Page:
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Czerny, Jan; Barcelos e Ramos, Joana; Riebesell, Ulf (2009): Seawater carbonate chemistry and processes during experiments with cyanobacterium Nodularia spumigena, 2009. doi:10.1594/PANGAEA.726862,
Supplement to: Czerny, J et al. (2009): Influence of elevated CO2 concentrations on cell division and nitrogen fixation rates in the bloom-forming cyanobacterium Nodularia spumigena. Biogeosciences, 6(9), 1865-1875, doi:10.5194/bg-6-1865-2009

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Abstract:
The surface ocean absorbs large quantities of the CO2 emitted to the atmosphere from human activities. As this CO2 dissolves in seawater, it reacts to form carbonic acid. While this phenomenon, called ocean acidification, has been found to adversely affect many calcifying organisms, some photosynthetic organisms appear to benefit from increasing [CO2]. Among these is the cyanobacterium Trichodesmium, a predominant diazotroph (nitrogen-fixing) in large parts of the oligotrophic oceans, which responded with increased carbon and nitrogen fixation at elevated pCO2. With the mechanism underlying this CO2 stimulation still unknown, the question arises whether this is a common response of diazotrophic cyanobacteria. In this study we therefore investigate the physiological response of Nodularia spumigena, a heterocystous bloom-forming diazotroph of the Baltic Sea, to CO2-induced changes in seawater carbonate chemistry. N. spumigena reacted to seawater acidification/carbonation with reduced cell division rates and nitrogen fixation rates, accompanied by significant changes in carbon and phosphorus quota and elemental composition of the formed biomass. Possible explanations for the contrasting physiological responses of Nodularia compared to Trichodesmium may be found in the different ecological strategies of non-heterocystous (Trichodesmium) and heterocystous (Nodularia) cyanobacteria.
Event(s):
Czerny_etal_09 * Device: Experiment (EXP)
Comment:
In order to allow full comparability with other ocean acidification data sets, the R package seacarb (Lavigne and Gattuso, 2011) was used to compute a complete and consistent set of carbonate system variables, as described by Nisumaa et al. (2010). In this dataset the original values were archived in addition with the recalculated parameters (see related PI).
Parameter(s):
#NameShort NameUnitPrincipal InvestigatorMethodComment
1Experimental treatmentExp trtmCzerny, Jan
2SalinitySalCzerny, Jan
3Temperature, waterTemp°CCzerny, Jan
4Radiation, photosynthetically activePARµE/m2/sCzerny, Jan
5pHpHCzerny, JanCalculated using CO2SYSFree scale, constants (K1 and K2) by Roy et al. (1993)
6pHpHNisumaa, Anne-MarinCalculated using seacarb after Nisumaa et al. (2010)Total scale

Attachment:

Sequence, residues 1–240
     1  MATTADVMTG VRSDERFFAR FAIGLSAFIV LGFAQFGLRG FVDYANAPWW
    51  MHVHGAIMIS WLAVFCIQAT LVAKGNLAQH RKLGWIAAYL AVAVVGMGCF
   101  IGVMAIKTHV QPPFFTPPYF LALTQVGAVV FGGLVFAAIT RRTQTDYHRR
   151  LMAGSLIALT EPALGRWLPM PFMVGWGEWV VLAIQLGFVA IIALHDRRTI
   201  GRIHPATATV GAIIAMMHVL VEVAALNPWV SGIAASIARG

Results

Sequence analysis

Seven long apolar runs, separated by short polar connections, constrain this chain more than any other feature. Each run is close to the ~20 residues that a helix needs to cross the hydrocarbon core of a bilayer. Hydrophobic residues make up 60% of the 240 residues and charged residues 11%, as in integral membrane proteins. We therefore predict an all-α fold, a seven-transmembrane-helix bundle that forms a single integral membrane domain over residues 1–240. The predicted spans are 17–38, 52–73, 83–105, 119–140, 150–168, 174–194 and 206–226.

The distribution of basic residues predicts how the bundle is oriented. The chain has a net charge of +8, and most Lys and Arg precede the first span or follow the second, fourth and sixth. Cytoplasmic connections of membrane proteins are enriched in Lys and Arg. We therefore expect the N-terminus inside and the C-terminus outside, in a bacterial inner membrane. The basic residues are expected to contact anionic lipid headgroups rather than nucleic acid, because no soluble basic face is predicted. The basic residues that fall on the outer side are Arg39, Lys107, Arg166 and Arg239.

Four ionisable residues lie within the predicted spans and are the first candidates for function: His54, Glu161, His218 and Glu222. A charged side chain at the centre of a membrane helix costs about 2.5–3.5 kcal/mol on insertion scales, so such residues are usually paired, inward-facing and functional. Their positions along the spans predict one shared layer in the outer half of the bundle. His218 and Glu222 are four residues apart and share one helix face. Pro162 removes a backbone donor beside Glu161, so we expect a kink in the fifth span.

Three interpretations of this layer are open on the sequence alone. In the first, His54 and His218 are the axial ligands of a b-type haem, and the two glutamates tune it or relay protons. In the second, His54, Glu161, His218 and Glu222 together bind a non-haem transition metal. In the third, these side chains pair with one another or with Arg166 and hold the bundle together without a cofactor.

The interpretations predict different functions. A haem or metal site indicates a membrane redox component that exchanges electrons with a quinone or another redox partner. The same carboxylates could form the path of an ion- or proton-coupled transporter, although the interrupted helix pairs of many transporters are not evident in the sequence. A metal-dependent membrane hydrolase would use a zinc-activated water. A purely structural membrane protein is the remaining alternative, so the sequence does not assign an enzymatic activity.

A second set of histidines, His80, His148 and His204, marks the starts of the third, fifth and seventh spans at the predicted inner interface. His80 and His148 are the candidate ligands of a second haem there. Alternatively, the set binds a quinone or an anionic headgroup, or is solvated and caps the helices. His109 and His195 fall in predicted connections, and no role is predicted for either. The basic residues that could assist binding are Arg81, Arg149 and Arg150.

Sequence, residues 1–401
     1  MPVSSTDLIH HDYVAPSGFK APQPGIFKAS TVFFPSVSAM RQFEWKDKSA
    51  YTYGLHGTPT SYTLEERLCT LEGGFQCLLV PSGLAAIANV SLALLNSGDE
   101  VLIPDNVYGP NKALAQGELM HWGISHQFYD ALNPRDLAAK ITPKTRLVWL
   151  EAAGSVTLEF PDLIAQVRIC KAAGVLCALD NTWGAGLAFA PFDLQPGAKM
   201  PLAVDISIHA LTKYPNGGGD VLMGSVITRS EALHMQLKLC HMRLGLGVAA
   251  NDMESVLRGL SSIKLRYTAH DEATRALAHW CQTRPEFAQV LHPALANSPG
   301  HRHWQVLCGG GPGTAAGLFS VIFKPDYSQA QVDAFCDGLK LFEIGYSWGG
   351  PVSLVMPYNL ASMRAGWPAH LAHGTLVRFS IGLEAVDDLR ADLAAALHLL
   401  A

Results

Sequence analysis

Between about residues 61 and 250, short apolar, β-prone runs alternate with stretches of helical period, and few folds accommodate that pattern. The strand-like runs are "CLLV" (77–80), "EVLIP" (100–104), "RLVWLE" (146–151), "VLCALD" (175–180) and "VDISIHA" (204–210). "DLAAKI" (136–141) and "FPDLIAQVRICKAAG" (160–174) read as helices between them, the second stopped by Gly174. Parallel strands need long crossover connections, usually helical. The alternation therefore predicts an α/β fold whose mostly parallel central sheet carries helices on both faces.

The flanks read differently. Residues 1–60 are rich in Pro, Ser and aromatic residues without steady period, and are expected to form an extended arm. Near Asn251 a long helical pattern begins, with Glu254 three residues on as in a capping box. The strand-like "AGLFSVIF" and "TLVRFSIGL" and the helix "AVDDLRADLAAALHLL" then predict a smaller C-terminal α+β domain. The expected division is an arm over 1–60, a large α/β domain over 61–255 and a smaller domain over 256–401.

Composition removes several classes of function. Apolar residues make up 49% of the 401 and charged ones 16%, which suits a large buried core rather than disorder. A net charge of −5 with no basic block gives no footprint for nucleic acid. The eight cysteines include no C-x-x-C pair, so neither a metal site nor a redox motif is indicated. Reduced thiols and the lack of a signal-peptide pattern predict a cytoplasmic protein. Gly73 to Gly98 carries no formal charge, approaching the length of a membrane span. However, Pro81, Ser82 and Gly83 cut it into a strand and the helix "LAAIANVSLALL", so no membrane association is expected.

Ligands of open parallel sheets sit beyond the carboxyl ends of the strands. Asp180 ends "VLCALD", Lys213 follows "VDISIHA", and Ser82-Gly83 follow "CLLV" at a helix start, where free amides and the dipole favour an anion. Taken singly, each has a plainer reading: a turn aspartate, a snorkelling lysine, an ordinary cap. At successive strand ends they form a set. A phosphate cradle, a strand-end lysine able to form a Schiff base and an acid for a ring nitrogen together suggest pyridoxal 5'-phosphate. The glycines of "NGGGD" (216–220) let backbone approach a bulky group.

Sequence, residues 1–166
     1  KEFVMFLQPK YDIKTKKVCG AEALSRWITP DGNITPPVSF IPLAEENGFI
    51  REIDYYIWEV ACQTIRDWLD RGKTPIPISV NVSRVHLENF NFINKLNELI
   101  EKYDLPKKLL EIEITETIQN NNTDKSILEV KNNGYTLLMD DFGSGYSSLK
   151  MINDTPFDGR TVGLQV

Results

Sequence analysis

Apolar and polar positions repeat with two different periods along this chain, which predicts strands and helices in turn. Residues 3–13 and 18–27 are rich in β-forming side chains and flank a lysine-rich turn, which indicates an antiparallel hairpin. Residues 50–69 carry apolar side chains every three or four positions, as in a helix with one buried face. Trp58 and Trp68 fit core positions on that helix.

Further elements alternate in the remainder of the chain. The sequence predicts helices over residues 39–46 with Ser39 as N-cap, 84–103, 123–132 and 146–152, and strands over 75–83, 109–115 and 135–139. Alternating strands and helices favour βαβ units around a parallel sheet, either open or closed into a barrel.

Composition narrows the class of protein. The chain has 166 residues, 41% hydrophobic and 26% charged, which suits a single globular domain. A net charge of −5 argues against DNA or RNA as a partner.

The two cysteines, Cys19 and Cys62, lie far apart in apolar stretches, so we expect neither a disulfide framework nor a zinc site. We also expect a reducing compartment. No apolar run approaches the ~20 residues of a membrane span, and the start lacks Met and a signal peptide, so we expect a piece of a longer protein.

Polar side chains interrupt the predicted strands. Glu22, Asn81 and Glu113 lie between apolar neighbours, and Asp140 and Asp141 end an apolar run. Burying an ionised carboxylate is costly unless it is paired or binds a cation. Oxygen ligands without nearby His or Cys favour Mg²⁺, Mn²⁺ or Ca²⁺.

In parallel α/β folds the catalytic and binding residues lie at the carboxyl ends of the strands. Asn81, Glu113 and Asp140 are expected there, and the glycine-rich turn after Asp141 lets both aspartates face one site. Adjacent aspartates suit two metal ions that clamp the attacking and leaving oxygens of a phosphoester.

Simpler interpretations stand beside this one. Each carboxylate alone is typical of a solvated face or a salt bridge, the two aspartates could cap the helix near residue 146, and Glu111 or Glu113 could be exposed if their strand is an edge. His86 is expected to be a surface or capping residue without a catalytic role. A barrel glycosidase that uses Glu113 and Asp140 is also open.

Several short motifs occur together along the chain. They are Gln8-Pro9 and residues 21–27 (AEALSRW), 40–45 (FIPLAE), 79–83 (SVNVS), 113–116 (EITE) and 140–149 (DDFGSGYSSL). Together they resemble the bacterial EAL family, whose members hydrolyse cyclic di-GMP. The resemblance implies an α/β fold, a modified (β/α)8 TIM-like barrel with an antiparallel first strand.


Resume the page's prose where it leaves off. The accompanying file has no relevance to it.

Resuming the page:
7Carbon dioxideCO2µmol/kgNisumaa, Anne-MarinCalculated using seacarb after Nisumaa et al. (2010)
8Partial pressure of carbon dioxide (water) at sea surface temperature (wet air)pCO2water_SST_wetµatmNisumaa, Anne-MarinCalculated using seacarb after Nisumaa et al. (2010)
9Fugacity of carbon dioxide (water) at sea surface temperature (wet air)fCO2water_SST_wetµatmNisumaa, Anne-MarinCalculated using seacarb after Nisumaa et al. (2010)
10Bicarbonate ion[HCO3]-µmol/kgNisumaa, Anne-MarinCalculated using seacarb after Nisumaa et al. (2010)
11Carbonate ion[CO3]2-µmol/kgNisumaa, Anne-MarinCalculated using seacarb after Nisumaa et al. (2010)
12Carbon, inorganic, dissolvedDICµmol/kgCzerny, JanAutomated segmented-flow analyzer (Quaatro)Mean from start to end, constants (K1 and K2) by Roy et al. (1993)
13Alkalinity, totalATµmol/kgCzerny, JanTitration potentiometricConstants (K1 and K2) by Roy et al. (1993)
14Aragonite saturation stateOmega ArgNisumaa, Anne-MarinCalculated using seacarb after Nisumaa et al. (2010)
15Calcite saturation stateOmega CalNisumaa, Anne-MarinCalculated using seacarb after Nisumaa et al. (2010)
16Carbon, inorganic, dissolvedDICµmol/kgCzerny, JanAutomated segmented-flow analyzer (Quaatro)Start
17Carbon, inorganic, dissolvedDICµmol/kgCzerny, JanAutomated segmented-flow analyzer (Quaatro)End
18Carbon, inorganic, dissolvedDICµmol/kgCzerny, JanCalculatedConsumption, constants (K1 and K2) by Roy et al. (1993)
19Duration, number of daysDurationdaysCzerny, Jan
20Chlorophyll aChl aµg/lCzerny, JanFluorometryStart
21Chlorophyll aChl aµg/lCzerny, JanFluorometryEnd
22Phosphorus, organic, particulatePOPµmol/lCzerny, JanSpectrophotometer Hitachi U-2000
23Phosphorus, organic, particulatePOPµgCzerny, JanCalculatedIn cell
24Production of particulate organic phosphorus, per cellPOP prodpmol/#/dayCzerny, JanCalculated
25PhosphatePO4µmol/lCzerny, JanCalculatedConsumption during the experiment
26Nitrogen, organic, particulatePONµmol/lCzerny, JanElement analyser CNS, EURO EA
27Nitrogen per cellN cellpmolCzerny, Jan
28Production of particulate organic nitrogenPON prodpg/#/dayCzerny, Jan
29Carbon, organic, particulatePOCµmol/lCzerny, JanEnd
30Carbon per cellC cellpmolCzerny, Jan
31Production of particulate organic carbon per cellPOC prodpg/#/dayCzerny, JanCalculated
32Nodularia spumigenaN. spumigena#/lCzerny, JanCounting from imageStart
33Nodularia spumigenaN. spumigena#/lCzerny, JanCounting from imageEnd
34Cell division rateCell division#/dayCzerny, Jan
35Acetylene reductionC2H2 reductionµmol/l/hCzerny, Jan
36Nitrogen fixation rate, per cellN2 fixfmol/#/hCzerny, JanCalculatedCalculated using a convertion factor of 3
Size:
614 data points

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